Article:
Soft Tissue Care and Trauma Management Part 3 - Special Considerations and Other Types of Wounds.
Updated: Nov 12, 2020
Excerpt from The Prepper's Medical Handbook. Page reference numbers point to more in-depth treatment and self-reliant care available within the book.
Shaving the Wound Area
It has been found that shaving an area actually increases the chance of wound infection. Scalp lacerations are hard to suture when unshaven due to the matting of hair with blood and accidental incorporation of hair into the wound. However, catching hair in the wound is not detrimental. Just pull it loose from the wound with a pair of forceps or tweezers when you are through suturing.
Bleeding from Suture or Staple Use
You will note that entrance and exit points of the needle puncture anywhere on the body will bleed quite freely. A little pressure always stops the bleeding—it is not necessary to delay your sewing to even worry about it. Just complete stitching the wound, then apply pressure until the bleeding from the needle punctures stops, cleanse the skin when you are done to remove dried blood, and dress the wound.
Scalp wounds bleed excessively—expect this. Spurting blood vessels can be clamped with the needle holder and tied off with a piece of the 3-0 gut suture from the Topical Bandaging Module. To tie, simply place a knot in the flesh to fall beneath the tip of the needle holder. Someone may have to remove the needle holder while you are cinching the first loop of the knot. Or you may simply suture the scalp wound closed and apply pressure between each suture to minimize intraoperative bleeding. Apply firm direct pressure after suturing to minimize hematoma (blood pocket formation) from bleeding within the wound.
I have read many times that a scalp laceration can be closed by tying the hair on either side into a knot, thus holding the wound together. I have sutured a lot of scalp lacerations, and I doubt this technique would work very well. A scalp laceration bleeds so profusely, blood is so sticky and slippery at the same time, and the hair would have to be long enough and of the right texture. See the discussion on head injuries on page 165.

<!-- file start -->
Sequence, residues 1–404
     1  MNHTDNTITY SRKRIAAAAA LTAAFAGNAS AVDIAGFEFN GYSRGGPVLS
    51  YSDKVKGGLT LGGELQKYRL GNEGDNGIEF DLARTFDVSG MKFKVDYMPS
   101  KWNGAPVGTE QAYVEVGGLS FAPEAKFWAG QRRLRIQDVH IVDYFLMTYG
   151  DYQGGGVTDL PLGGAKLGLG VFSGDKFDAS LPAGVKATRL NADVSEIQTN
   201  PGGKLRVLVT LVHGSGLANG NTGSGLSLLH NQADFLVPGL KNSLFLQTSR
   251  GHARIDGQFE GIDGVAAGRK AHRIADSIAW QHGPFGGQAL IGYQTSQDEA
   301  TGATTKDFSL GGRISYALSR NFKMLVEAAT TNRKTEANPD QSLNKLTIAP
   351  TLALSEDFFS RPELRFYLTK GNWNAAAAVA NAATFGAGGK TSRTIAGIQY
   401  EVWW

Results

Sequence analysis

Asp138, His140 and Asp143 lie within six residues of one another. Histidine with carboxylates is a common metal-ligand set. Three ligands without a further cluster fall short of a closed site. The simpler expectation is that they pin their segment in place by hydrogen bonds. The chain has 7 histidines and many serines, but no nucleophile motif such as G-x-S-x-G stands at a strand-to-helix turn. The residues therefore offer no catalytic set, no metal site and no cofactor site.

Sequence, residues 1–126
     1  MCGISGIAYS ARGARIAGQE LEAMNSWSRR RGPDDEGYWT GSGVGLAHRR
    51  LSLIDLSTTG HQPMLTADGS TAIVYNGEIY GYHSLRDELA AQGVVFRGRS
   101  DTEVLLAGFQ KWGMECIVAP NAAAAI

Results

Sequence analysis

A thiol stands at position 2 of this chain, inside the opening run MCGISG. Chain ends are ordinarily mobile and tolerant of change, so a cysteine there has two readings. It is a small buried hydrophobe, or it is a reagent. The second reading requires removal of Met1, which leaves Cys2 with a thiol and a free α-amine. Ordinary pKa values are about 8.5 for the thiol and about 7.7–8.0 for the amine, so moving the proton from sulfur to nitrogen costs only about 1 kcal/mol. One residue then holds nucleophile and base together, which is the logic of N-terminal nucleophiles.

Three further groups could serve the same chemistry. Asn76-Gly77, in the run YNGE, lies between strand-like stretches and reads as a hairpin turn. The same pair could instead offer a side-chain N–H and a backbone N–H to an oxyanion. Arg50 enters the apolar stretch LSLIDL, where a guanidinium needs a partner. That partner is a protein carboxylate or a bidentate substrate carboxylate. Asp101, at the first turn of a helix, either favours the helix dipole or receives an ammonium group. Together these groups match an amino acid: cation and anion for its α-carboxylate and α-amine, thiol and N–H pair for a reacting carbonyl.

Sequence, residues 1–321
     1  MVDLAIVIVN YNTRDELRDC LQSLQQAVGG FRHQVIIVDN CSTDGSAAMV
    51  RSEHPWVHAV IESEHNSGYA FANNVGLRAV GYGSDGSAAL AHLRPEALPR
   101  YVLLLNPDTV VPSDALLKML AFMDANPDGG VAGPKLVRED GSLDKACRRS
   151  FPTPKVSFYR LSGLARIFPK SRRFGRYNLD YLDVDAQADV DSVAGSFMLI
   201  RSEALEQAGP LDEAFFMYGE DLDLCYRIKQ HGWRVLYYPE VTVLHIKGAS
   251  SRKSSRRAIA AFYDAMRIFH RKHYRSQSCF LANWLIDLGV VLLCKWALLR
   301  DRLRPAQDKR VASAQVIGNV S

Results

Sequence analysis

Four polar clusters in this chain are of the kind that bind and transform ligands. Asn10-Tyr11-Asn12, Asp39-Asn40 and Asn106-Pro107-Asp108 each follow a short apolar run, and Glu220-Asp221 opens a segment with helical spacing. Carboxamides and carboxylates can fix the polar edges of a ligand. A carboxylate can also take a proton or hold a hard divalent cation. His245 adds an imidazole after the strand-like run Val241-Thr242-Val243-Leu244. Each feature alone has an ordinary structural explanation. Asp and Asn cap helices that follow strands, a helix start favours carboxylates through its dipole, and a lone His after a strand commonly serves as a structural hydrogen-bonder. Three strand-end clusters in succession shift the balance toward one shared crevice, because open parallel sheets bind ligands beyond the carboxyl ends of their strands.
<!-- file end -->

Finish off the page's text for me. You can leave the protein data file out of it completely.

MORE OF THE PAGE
Eyebrow and Lip Closure
If sewing an eyebrow or the vermilion border of the lip, approximate the edges first with a suture before sewing the ends or other portion of the laceration. Never shave an eyebrow. Use 5-0 nylon suture on the face and remove these sutures in 4 days, replacing them with strips of tape at that time.
Mouth and Tongue Lacerations
When sewing the inside of the mouth, use the 3-0 gut suture. These sutures tend to unwind very easily, especially if the patient cannot resist touching them with his tongue. When making the knot, tie it over and over. The mouth heals rapidly, and even if the sutures come out within a day, the laceration has generally stopped bleeding and may heal without further help. These mouth sutures will generally dissolve on their own, but any remaining ones can be removed within 4 days.
Lacerations on the tongue can almost always be left alone. The wound may appear ugly for a few days, but within a week or two there will be remarkable healing. Infections in the tongue or mouth from cuts are very rare. If the edge of the tongue is badly lacerated, so that the tongue is cut one-quarter of the way across or more, sewing the edge together is warranted. Use the 3-0 gut suture.
Control of Pain
For anesthesia you will require a prescription to obtain injectable lidocaine 1% and a syringe with needle. Inject into the wound, just under the skin on both sides of the cut. Cleansing and suturing soon after a cut may help minimize the pain, due to tissue “shock” in the immediate post-trauma period. Ice applied to the wound area can help numb the pain, but local topical anesthetic agents are of no help in pain control. Two Percogesic or 2 or 3 ibuprofen, 200 mg, given about 1 hour prior to surgery may help minimize pain.